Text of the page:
Rare Lymphocyte May Be Effective in Treatment During Onset of Inflammatory Arthritis

Group 2 innate lymphoid cells, a rare form of lymphocyte that defend the body from pathogens, may have immune-regulatory functions in rheumatoid arthritis and play a key role in the development of inflammatory arthritis, according to immunologists at Friedrich-Alexander-Universität Erlangen-Nürnberg.

Group 2 innate lymphoid cells (ILC2s), a rare form of lymphocyte that defend the body from pathogens, may have immune-regulatory functions in rheumatoid arthritis (RA) and play a key role in the development of inflammatory arthritis, according to immunologists at Friedrich-Alexander-Universität Erlangen-Nürnberg.

A recent study, published by Cell Reports, investigated the different ILC2 gain- and loss-of-function models during inflammatory arthritis. The researchers were able to demonstrate the number of ILC2 in the peripheral blood and in the joints of patients with RA was significantly higher than in healthy people.

In addition, when the researchers genetically reduced the number of immune cells—which exacerbated the progression of the disease later on—and increased the number of ILC2 during therapy, the arthritis was significantly reduced during the early stages of the disease, explained the authors. Despite this result, the study emphasized that this may not be effective for curing patients who already have inflammatory arthritis.

“In our current study, we specifically examined the role of ILC2s in the early stage of rheumatoid arthritis,” Mario Zaiss, PhD, Department of Medicine 3, Rheumatology and Immunology at Universitätsklinikum Erlangen, said in a statement. “There is no doubt that ILC2 has a regulatory effect during the early stage of arthritis. However, any treatment must start before the onset of the disease — transferring ILC2 later on does not improve symptoms.”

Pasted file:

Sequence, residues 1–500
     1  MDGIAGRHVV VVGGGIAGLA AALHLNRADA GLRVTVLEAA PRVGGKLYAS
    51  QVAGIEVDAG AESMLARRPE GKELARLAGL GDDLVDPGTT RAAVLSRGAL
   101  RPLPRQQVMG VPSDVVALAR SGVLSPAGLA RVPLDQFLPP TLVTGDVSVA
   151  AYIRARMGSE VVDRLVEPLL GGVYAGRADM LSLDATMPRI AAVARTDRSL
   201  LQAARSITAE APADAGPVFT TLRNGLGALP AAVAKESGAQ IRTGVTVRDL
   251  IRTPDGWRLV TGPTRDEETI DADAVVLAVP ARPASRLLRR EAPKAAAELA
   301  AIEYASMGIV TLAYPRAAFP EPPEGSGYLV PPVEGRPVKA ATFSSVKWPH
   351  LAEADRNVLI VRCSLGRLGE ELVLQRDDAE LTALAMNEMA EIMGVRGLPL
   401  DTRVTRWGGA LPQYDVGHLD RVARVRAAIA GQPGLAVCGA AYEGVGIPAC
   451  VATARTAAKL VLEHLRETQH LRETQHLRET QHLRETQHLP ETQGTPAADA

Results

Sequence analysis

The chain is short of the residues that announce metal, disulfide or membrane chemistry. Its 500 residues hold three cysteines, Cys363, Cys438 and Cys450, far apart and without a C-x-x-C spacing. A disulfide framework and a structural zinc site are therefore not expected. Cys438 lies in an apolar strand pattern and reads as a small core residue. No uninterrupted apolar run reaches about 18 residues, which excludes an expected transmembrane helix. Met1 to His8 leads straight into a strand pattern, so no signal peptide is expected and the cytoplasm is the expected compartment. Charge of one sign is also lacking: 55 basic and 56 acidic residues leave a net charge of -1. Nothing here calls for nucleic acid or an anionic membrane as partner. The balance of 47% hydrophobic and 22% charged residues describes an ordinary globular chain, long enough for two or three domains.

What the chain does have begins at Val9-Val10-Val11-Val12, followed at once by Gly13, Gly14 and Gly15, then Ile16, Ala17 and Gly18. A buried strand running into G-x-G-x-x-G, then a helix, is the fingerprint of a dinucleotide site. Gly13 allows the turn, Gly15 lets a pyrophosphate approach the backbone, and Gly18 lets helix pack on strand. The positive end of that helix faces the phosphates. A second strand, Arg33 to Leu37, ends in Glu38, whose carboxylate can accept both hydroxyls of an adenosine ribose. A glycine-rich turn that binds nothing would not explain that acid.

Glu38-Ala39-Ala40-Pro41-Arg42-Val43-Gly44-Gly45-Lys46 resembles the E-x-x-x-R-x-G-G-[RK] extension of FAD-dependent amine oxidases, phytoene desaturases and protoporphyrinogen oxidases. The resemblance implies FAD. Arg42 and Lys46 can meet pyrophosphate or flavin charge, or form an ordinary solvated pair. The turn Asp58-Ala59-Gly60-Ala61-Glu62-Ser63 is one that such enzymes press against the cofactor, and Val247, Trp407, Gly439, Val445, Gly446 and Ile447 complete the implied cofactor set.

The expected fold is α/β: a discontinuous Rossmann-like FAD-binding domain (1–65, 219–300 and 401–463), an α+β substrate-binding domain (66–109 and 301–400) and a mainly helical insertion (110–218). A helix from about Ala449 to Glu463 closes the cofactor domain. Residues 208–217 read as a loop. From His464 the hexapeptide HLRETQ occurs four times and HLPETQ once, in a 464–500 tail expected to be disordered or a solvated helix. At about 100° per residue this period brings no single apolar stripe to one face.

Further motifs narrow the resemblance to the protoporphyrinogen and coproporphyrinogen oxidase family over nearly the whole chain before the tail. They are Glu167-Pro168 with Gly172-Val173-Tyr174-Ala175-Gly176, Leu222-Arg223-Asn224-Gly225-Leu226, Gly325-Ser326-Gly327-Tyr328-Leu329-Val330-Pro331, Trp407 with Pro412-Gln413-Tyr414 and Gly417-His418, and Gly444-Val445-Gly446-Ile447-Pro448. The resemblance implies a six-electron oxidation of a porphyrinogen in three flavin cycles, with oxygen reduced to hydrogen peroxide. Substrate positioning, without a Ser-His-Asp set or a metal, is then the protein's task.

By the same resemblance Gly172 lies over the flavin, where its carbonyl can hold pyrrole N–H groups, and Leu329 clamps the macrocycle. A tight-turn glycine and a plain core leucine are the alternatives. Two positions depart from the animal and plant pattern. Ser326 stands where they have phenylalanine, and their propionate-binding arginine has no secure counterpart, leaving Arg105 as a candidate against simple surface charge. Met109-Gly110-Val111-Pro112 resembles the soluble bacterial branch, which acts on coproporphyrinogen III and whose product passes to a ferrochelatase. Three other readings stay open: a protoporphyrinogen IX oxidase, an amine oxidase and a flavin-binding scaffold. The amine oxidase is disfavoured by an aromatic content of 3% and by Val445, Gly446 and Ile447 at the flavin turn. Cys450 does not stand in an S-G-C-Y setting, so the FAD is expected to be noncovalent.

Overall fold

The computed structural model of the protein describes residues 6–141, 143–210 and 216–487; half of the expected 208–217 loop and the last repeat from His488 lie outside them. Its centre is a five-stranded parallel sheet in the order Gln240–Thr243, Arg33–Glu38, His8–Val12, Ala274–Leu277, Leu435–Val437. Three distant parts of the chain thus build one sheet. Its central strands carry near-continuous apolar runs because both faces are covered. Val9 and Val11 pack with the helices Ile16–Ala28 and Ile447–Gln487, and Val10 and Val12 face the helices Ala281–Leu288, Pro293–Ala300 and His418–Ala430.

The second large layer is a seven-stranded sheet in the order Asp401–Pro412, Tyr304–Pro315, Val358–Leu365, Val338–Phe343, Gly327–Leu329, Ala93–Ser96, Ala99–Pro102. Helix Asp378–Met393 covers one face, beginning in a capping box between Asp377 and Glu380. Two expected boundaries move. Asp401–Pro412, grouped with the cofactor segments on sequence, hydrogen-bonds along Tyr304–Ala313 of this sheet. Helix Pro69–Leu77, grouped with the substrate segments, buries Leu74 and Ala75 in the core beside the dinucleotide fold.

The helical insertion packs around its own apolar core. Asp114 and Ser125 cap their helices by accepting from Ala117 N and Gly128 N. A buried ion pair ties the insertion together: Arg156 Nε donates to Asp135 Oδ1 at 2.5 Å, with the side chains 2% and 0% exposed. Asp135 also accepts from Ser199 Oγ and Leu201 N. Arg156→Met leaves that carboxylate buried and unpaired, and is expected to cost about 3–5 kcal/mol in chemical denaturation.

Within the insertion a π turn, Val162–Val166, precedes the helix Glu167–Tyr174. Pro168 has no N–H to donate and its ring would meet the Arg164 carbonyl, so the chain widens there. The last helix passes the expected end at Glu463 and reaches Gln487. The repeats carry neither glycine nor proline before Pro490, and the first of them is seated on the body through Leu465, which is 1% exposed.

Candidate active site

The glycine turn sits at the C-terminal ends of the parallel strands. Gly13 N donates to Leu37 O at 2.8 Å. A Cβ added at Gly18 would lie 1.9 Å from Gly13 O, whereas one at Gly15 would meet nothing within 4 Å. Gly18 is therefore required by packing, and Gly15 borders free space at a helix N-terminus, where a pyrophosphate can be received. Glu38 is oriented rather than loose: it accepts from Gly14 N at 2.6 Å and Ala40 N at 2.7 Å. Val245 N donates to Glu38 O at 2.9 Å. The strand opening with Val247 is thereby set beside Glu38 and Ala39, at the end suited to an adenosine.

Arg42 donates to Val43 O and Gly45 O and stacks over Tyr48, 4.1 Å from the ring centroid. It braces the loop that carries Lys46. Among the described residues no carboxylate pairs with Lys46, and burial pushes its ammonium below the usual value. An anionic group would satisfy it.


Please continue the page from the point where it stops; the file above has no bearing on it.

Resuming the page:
The researchers were able to demonstrate that ILC2 numbers were increased both in patients with RA and inflammatory arthritis mouse models. The study explained that in 2 settings of genetically reduced ILC2 numbers, arthritis was worsened, while therapeutic enhancement of ILC2 number significantly reduced arthritis.

“This regulatory action of ILC2s was dependent on their capacity to secret IL-4/13, as IL4/13-/- ILC2s failed to attenuate arthritis after adoptive cell transfer. Mechanistically, ILC2-derived IL-4/13 significantly suppressed IL-1b section by macrophages, and it was shown that both IL-1b and macrophages are key players driving early clinical symptoms in SIA [serum-induced arthritis] and RA,” the authors explained. “This mechanism was critical only during the initiation phase of arthritis, as therapeutically adoptive ILC2 transfer at later time points also failed to attenuate arthritis.”

Overall, the results reveal that ILC2s have immune-regulatory functions in arthritis. The authors suggested that this research could form the basis for new approaches for treating arthritis, since enhancement of ILC2 numbers may act as a method to effectively block the development of inflammatory arthritis. However, further research is necessary to find safe methods of increasing the number of ILC2 in the body and to find new methods of detecting signs of arthritis before the onset so ILC2s can be used as a treatment.

Reference

Omata Y, Frech M, Primbs T, et al. Group 2 innate lymphoid cells attenuate inflammatory arthritis and protect from bone destruction in mice. Cell Rep. 2018;24(1):169-180. doi: 10.1016/j.celrep.2018.06.005.